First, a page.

LG has started marketing its own microLED display across several key global markets, including the Americas, Europe, and Asia, under the brand name LG MAGNIT.
LG is touting what it calls a proprietary Black Coating display technology that seems to be a variation on the “potted” or “glue-on-board” display modules that have come out in recent years on more conventional fine pitch indoor LED product.
Applied to the front of the displays, the coating is intended to improve contrast and color accuracy levels while also protecting the micron-level LED pixels from damage from impact, moisture or dust. The coating is also said to be anti-glare and anti-fingerprint.
The glare/reflection thing is important, as I have seen a big name microLED display with some sort of coating that looked really bad in bright retail lighting because of the shiny, reflective surface.
The MAGNIT has a pixel pitch of 0.9, which is not even the finest pitch out there for more conventional SMD LEDs. But the distinction with microLED has as much to do with the super-teeny lights, which allow for more black surface in between each light, improving contrast. So with microLED, more pitch can kinda be good.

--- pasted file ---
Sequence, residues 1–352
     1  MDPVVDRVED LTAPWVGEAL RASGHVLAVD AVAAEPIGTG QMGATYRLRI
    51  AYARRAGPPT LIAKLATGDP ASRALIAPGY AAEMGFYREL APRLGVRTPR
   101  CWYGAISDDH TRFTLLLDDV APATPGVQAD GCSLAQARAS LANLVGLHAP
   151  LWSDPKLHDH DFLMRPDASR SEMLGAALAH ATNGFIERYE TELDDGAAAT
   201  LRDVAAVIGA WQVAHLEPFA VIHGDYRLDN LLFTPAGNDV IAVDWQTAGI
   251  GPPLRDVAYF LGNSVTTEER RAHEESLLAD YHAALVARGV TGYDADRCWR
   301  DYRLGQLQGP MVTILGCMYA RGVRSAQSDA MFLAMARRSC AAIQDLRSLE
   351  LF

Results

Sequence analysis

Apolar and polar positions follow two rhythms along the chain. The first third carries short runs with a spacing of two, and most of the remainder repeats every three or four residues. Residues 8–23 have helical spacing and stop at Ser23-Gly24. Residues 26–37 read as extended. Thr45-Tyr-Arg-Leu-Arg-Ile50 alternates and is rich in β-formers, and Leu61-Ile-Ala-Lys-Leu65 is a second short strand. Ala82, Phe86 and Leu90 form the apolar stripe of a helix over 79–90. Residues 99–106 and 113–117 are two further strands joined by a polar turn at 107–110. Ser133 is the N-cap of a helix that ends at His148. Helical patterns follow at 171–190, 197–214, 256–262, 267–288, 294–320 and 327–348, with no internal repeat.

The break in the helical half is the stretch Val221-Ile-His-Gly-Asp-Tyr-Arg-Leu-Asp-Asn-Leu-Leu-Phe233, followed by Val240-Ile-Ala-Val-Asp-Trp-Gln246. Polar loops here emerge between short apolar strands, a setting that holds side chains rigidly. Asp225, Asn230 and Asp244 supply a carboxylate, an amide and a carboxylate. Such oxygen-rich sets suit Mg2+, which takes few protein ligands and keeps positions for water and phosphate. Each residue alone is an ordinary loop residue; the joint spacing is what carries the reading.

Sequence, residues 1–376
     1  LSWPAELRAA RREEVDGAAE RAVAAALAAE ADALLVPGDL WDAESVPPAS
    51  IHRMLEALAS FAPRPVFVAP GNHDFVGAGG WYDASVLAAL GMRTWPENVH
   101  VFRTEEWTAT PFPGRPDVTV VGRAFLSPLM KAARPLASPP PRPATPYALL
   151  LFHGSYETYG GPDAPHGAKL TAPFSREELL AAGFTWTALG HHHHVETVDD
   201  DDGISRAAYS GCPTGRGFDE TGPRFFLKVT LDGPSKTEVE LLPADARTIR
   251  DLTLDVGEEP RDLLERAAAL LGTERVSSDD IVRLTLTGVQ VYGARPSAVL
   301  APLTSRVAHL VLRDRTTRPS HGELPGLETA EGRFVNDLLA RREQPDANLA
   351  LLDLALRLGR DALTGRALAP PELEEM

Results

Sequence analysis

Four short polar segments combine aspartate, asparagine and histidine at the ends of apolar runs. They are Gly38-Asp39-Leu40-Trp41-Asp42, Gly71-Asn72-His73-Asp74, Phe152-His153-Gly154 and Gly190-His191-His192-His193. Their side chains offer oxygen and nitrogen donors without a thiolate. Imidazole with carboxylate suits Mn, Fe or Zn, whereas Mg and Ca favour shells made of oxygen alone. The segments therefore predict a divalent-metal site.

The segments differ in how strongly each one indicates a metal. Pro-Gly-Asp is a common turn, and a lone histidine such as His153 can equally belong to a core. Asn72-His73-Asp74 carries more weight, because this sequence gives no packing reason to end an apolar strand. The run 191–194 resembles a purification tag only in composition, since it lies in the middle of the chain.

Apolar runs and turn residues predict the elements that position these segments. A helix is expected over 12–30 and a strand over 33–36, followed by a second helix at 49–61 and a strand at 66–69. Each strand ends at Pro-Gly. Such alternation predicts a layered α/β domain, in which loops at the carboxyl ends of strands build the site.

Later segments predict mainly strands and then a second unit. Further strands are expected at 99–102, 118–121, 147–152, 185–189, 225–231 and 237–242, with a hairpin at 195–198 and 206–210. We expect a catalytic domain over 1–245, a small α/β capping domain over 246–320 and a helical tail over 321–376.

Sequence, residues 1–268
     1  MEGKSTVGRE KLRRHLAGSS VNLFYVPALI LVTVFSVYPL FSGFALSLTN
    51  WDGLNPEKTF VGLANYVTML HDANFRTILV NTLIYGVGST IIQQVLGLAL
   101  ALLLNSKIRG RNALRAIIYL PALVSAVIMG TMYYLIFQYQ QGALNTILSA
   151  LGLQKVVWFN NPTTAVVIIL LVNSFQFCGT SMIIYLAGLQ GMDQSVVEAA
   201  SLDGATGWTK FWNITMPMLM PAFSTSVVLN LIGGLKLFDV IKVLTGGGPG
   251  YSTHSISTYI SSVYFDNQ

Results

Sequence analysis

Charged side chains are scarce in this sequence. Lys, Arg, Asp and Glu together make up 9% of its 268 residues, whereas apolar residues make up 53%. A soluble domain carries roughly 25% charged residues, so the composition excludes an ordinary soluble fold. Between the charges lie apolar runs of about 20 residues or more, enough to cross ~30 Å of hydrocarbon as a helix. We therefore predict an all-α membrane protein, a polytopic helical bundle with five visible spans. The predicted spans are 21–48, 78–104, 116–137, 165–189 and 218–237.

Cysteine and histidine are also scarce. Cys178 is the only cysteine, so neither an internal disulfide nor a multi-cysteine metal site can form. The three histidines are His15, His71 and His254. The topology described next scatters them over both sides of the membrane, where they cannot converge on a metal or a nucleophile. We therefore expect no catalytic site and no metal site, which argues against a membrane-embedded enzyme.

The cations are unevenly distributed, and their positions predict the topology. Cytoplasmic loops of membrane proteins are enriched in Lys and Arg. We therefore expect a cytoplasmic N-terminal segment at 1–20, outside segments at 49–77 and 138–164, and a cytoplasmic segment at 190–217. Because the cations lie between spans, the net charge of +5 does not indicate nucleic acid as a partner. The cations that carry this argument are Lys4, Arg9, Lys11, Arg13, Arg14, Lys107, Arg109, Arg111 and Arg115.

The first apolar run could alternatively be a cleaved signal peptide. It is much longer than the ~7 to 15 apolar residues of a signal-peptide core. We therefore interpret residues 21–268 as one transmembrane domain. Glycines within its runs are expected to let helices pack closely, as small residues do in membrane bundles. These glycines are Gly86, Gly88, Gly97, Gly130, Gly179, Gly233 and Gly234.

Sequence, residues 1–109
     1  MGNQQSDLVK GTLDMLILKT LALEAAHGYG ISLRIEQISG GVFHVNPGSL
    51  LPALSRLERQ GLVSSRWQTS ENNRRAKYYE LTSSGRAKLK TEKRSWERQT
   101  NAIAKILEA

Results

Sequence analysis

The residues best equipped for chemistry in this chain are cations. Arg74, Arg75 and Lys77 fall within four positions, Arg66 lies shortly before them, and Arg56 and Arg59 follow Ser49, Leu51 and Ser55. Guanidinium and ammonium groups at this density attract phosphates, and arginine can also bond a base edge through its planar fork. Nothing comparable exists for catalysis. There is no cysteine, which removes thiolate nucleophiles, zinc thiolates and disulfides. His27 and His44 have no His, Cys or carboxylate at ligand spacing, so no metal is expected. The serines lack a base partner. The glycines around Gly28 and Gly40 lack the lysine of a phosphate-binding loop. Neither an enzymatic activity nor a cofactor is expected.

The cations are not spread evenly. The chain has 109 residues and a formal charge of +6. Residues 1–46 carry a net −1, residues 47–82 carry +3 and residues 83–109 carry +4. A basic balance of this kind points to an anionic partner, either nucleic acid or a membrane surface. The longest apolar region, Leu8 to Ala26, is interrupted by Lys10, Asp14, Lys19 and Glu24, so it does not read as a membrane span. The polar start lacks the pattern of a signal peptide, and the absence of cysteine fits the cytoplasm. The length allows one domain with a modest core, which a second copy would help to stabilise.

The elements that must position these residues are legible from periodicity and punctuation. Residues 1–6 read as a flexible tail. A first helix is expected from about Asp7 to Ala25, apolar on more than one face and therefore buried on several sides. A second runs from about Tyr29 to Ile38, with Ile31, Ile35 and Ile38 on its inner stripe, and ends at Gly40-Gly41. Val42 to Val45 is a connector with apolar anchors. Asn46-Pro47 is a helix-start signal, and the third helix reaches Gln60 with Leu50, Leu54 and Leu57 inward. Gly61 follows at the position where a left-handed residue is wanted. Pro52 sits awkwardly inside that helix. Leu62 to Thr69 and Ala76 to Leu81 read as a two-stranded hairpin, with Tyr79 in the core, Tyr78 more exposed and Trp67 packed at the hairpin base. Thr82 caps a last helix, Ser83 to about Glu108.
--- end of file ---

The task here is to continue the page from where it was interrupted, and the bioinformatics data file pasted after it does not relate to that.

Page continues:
The one unit being marketed is 163 inches diagonal, which is enough micro pixels to add up to 4K resolution. The panels support LG’s webOS smart signage platform, and the panel has an AI-driven image processor. LG references SuperSign as a CMS for management. As with Samsung and its MagicINFO, LG seems to be raising the profile of its own digital signage software. SuperSign has been around for 10+ years, but is not all that known in the industry.
The MAGNIT display assembles in cabinets, just like most direct view LED product. The MAGNIT also seems to be using that NFC-based non-contact connector tech, which means cables are reduced to signal/control and power.
No price posted, but thinking more than $1,000. … Or quite probably, way more more than $200,000. There is a premium market for things like high-end real estate and demanding control room use cases that need premium imaging. The other market is friends of Putin, NFL quarterbacks and Premier League strikers.
The unit competes with Sony’s Crystal LED and Samsung’s The Wall, and there are lots of Chinese and Taiwanese companies at various states of R&D and prototypes of microLED.
Dave Haynes is the founder and editor of Sixteen:Nine, an online publication that has followed the digital signage industry for some 14 years. Dave does strategic advisory consulting work for many end-users and vendors, and also writes for many of them. He’s based near Halifax, Nova Scotia, on Canada’s east coast.